Dr. Kypros Chrysostomides Discusses the Restart of the Negotiations in Cyprus

The present situation regarding the Cyprus problem brings to mind significant older efforts to restart negotiations under almost identical circumstances, after they had been put on hold for some time.

The following is an open letter from Dr. Kypros Chrysostomides, managing partner of Chrysostomides & Co.

The present situation regarding the Cyprus problem brings to mind significant older efforts to restart negotiations under almost identical circumstances, after they had been put on hold for some time. It is reminiscent of the situation in December of 2003, and the letter sent at that time by the then President of the Republic, Mr. Tassos Papadopoulos to the Secretary-General of the UN. This letter was sent, despite the fact that Denktash had rejected the 3rd Annan Plan at Τhe Hague and the then UN Secretary-General had come to record his intransigence.

That plan was improved on some important points during the negotiations that took place in February and March 2003 in Cyprus. That moment, after The Hague, was the best opportunity to seek further improvements for a fairer solution by putting pressure on the other side, since Denktash’s position had been exposed. This was not made possible, despite the encouragement by many at the time. The end result was the dispatch of the aforementioned letter to the Secretary General for the resumption of the negotiations. This led to the meeting that took place in New York in January 2004. The result was an arbitration process, strict time schedules and a referendum this time on the 5th Annan Plan revision, in its final Burgenstock form. Now we have a letter by President Anastasiades, with which he asks for a resumption of negotiations for the umpteenth time. The majority of political forces appear to be in agreement with such a move on the basis of the Crans Montana negotiations and the Guterres framework.

Some elements of the international situation seem to have changed significantly. What remains the same is the Turkish intransigence and our wish for a solution and reunification of our country, as a result of which the occupation will be terminated and Cyprus will be reunited. It is our right as much as it is our duty, all Cypriots to claim a common united home. A home that is modern, functional and democratic, within the wider EU family, of which we had the fortune to become members in 2004.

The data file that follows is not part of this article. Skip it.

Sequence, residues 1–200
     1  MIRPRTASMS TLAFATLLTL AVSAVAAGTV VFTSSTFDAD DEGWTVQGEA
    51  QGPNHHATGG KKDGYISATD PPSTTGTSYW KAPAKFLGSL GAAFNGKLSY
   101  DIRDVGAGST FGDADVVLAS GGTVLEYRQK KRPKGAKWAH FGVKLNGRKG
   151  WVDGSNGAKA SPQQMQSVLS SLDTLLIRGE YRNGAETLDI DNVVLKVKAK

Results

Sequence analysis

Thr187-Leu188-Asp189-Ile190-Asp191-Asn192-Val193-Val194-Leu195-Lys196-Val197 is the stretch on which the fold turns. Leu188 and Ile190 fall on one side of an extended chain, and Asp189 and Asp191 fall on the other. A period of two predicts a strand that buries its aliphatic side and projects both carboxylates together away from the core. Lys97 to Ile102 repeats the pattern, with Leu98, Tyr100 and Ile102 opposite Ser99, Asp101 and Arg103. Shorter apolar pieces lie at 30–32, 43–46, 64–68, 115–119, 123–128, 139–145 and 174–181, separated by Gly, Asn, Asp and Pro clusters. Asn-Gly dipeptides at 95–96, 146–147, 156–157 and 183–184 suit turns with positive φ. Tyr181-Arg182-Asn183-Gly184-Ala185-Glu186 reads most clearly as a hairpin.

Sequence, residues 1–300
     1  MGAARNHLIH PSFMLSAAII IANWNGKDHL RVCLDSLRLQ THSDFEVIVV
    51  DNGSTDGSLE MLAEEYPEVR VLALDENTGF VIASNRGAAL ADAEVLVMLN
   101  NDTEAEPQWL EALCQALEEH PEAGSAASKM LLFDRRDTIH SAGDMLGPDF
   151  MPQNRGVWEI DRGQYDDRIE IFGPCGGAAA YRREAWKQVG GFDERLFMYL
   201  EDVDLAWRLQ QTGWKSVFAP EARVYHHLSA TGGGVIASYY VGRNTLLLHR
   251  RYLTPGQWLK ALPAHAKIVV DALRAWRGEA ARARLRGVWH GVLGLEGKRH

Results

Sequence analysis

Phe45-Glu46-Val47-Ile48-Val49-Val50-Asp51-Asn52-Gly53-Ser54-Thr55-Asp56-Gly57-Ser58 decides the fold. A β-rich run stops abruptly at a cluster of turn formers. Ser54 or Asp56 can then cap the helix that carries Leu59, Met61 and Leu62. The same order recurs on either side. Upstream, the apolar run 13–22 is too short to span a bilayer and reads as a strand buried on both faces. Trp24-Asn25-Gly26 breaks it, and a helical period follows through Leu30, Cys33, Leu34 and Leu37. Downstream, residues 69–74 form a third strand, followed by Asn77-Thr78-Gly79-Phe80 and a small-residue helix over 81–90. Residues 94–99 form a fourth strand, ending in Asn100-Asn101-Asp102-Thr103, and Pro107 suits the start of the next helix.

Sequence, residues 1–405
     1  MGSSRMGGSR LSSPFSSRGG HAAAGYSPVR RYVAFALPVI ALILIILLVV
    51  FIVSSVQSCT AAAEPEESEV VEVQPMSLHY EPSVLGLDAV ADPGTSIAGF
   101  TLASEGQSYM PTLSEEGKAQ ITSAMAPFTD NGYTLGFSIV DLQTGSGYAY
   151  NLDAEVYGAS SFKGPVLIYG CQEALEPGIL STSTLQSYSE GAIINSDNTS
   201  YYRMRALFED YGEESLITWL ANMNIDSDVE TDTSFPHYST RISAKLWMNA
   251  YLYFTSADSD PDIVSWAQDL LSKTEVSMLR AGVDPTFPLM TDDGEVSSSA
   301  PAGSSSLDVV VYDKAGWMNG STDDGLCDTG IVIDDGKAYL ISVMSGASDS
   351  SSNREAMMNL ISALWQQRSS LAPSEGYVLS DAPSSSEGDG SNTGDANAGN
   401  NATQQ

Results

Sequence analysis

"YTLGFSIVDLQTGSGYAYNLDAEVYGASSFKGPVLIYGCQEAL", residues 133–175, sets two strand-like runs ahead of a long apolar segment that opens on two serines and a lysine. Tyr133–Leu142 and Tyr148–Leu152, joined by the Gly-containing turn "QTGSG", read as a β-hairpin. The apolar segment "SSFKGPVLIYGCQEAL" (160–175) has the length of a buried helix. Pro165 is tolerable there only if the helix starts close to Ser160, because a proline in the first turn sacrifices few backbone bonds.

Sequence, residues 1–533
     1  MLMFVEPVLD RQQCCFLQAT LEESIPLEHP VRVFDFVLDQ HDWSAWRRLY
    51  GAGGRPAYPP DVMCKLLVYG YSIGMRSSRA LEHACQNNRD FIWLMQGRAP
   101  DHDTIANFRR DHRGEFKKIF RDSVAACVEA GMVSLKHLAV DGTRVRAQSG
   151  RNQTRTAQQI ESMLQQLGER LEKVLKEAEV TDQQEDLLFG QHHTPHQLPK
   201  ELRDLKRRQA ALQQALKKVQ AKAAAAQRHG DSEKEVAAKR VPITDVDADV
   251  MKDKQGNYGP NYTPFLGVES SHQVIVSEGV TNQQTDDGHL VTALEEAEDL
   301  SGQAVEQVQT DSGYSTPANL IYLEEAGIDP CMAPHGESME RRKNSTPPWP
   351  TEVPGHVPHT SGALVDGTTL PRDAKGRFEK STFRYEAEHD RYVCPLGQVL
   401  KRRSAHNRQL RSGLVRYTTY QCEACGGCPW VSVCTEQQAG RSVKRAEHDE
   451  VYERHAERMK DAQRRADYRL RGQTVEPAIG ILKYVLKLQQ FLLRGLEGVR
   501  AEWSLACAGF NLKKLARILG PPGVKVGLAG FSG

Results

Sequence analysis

A great many Greek-Cypriots and Turkish-Cypriots wish exactly that, a peaceful solution that will secure our peaceful living together, avoiding war and conflict. We have suffered enough. However, we need guarantees to secure the longevity of a solution and the true independence of our state.

Unfortunately, it appears that any effort to reach a solution will be doomed to fail once more, because of the extended illegal demands made by Turkey (and, on its orders, by the Turkish-Cypriots) and the dangers to the Greek-Cypriot side in case it continues to make further concessions. Such further concessions will probably turn the Greek-Cypriot side into a puppet ordered around according to the wishes of the occupation power and will continue to erode the independence of the Republic of Cyprus. These demands are actually put forward now as “preconditions”. The usual policy of Turkey is to raise further demands continuously; it is never satisfied with anything that it has already gained. It appears that occupying Turkey may maintain the division that it has imposed forcibly, violently and illegally, but its goal at the back of its mind is a different one.

Turkey seeks to bring our island under its complete control and this is obvious from its positions at the negotiation table, as well as from the latest developments with regard to Cyprus’ exclusive economic zone (EEZ), with Varosha and with other vital matters, along with the fact that the occupation is maintained. The indications that we have are crystal clear: Turkish intentions are easy to identify and they do not serve the interests of Cyprus and of the Cypriots, but solely the illegal interests of Turkey that are forcibly imposed on the Turkish-Cypriot (TC) community. Turkey wishes to impose them also on the Greek-Cypriot (GC) side through the TC community, which it will continue to control politically and economically, via a “federation” of their own design.

Turkey is frustrated, because it has not until now been able to dismantle the Republic of Cyprus which continues to be an official member of the UN and the EU. The Republic of Cyprus is a sovereign state over all of its territory despite the fact that it has been violently mutilated and even though the occupying power considers it as “defunct”. At the same time, the secession regime has been internationally condemned and 45 years later it continues to remain without any international recognition.